President Obama likes to remind audiences that we inherited a horrible situation from President Bush. But even as he blames his predecessor, Obama sometimes has a hard time distinguishing his policies from Bush II. Bruce Bartlett makes that case in a very interesting Forbes article that says Obama should let go of Fed Chair Ben Bernanke and Treasury Secretary Tim Geithner. Good ideas?
Obama could also have explained how the Federal Reserve's easy money policy created the housing bubble, the crash of which is at the heart of our current economic problems...
I agree that the Federal Reserve's easy money and the the federal government's housing policies played a role in the sub-prime meltdown, but I don't see any political benefit in explaining the crash by blaming the Fed just as you're proposing to make it the ultimate regulator of the nation's largest banks.
...Yet he reappointed Republican Ben Bernanke as chairman of the Federal Reserve rather than using the expiration of his term as an opportunity to break from the past and chart a new course by at least appointing a Democrat like San Francisco Fed President Janet Yellen. Given that Bernanke served as Bush's chief economic adviser in the White House before becoming Fed chairman, this should have been a no-brainer.
I'm with Megan here. Reappointing Ben Bernanke was the real no-brainer, and not just because a uncertainty at the Fed would have scared bond investors and the stock market. Let's say the White House decided to be against Bernanke's reappointment. Immediately you've guaranteed that (almost?) every Republican will support him -- he's a Bush appointee, after all. If only ten Democratic senators decided to buck the White House and give Ben a second term, the admnistration faces an embarrassing loss on an important economic vote where it had no business sticking its head out. Getting behind a liberal economist like Yellen wouldn't have been worth it.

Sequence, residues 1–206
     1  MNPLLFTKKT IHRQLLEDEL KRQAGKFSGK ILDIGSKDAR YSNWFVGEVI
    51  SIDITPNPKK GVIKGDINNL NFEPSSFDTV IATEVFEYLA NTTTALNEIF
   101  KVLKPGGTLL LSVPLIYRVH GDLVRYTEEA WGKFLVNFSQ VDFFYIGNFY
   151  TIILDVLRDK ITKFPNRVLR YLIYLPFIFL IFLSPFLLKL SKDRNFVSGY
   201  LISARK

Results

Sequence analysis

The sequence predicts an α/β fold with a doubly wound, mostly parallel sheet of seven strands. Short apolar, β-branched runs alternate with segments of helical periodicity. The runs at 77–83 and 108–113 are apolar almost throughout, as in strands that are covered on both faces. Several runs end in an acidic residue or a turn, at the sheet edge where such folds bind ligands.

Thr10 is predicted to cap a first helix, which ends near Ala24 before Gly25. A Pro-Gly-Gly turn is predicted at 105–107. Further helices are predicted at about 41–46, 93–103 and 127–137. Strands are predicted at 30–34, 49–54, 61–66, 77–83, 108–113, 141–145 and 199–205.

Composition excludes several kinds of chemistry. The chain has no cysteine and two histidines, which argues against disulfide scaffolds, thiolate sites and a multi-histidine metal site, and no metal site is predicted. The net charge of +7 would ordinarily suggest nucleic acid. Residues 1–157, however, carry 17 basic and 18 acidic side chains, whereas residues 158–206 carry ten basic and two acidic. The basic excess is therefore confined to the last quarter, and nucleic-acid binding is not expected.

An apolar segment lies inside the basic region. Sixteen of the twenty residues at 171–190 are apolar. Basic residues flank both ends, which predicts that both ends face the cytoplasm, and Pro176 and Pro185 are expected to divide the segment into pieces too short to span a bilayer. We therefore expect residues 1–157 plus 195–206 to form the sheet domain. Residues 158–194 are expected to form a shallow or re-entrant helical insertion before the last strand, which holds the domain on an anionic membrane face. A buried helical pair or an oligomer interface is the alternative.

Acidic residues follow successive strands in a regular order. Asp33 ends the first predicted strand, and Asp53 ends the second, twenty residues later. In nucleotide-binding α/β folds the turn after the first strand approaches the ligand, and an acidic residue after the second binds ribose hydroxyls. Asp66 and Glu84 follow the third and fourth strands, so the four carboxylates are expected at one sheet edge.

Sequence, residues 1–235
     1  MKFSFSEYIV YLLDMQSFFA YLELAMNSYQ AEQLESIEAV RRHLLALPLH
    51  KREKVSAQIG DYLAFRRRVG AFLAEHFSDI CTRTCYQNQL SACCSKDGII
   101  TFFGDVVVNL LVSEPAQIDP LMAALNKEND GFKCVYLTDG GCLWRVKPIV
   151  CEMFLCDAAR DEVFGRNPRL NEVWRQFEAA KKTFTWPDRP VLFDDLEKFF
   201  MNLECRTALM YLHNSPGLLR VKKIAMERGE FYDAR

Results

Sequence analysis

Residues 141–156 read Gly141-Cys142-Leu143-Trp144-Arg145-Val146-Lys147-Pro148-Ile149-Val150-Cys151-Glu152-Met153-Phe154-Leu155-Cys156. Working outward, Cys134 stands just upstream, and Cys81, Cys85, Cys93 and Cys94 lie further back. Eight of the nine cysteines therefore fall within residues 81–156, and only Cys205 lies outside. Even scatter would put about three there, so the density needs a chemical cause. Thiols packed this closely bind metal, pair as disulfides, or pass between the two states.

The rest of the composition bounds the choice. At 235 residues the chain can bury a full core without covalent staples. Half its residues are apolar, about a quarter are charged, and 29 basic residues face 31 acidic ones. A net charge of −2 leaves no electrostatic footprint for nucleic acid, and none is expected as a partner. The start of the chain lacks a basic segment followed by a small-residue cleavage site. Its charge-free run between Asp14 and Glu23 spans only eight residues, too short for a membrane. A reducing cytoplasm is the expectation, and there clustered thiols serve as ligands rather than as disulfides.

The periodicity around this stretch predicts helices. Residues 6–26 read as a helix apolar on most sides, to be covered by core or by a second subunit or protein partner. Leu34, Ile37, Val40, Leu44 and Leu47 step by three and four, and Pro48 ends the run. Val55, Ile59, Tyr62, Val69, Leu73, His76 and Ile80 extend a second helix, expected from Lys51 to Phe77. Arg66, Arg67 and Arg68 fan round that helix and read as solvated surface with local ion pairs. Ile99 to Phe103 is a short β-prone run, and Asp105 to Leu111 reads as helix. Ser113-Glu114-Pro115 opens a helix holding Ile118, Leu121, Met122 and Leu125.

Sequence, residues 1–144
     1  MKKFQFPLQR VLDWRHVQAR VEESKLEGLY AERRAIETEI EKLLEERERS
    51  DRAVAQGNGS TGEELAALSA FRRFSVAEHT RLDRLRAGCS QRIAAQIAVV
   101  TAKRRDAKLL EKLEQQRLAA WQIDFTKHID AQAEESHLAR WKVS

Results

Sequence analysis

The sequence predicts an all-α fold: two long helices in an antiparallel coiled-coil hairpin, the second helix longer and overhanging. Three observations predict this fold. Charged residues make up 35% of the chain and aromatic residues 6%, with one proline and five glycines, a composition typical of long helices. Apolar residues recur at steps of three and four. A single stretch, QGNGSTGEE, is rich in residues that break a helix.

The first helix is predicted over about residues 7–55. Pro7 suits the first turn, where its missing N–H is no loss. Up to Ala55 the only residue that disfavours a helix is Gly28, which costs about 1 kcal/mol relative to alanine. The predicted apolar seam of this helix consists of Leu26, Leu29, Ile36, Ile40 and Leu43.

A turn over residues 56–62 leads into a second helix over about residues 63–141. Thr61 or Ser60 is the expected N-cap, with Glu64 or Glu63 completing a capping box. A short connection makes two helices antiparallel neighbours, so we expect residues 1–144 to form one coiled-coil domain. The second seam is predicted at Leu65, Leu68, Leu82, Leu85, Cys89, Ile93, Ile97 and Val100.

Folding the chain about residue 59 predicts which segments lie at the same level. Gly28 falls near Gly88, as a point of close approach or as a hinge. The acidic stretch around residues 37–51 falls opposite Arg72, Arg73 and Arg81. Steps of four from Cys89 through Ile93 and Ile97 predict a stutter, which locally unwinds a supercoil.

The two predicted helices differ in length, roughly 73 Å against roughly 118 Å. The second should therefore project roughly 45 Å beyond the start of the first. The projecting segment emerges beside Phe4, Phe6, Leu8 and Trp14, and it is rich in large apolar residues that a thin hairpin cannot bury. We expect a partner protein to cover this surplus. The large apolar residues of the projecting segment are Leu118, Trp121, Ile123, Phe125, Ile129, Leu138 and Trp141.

Similarly, in appointing Tim Geithner as Treasury secretary, Obama lost an opportunity to blame the previous administration for its response to the financial crisis in the fall of 2008. As president of the Federal Reserve Bank of New York, Geithner was up to his neck in the bank bailout that is reviled equally by those on the right and the left. And as more and more details about the backroom deals involving billions of taxpayers' dollars and the vast profits made by the very bankers who caused the crisis come to light, the worse both Geithner and Obama look.
My money is on Geithner sticking around, but let's brainstorm a bit. What's the political upside/downside of letting Tim Geithner go right now and shifting toward a populist bank policy by filling Treasury with Volcker or Elizabeth Warren? Some Republicans will claim the White House is in chaos, that "the wheels are falling off," and so on. The bankers will revolt and threaten recriminations, but if they complain too loudly it would only strengthen antagonism toward Wall St. The upside is that the White House can say with conviction, It's a new day. Last year was about rescuing Wall Street, and we had the right personnel for that. This year is about reforming Wall Street, and we need the right personnel for that.
Not saying it should happen, just weighing pros and cons... Thoughts?
Update: Bruce Bartlett responds via email:
I think you misunderstood my point. I wasn't saying that I don't support Ben. I do. I'm just saying that as a purely political matter it was a mistake for Obama to reappoint him when there are well qualified Democrats available. Same with Tim. I'm not saying he should be fired, only that he shouldn't have been appointed in the first place. As I have blogged, I don't think it makes sense to fire Tim at this time because there's no obvious replacement for him and given the problems of getting Treasury appointees confirmed, I think it would be unwise to leave the department rudderless.
I think we agree on Geithner.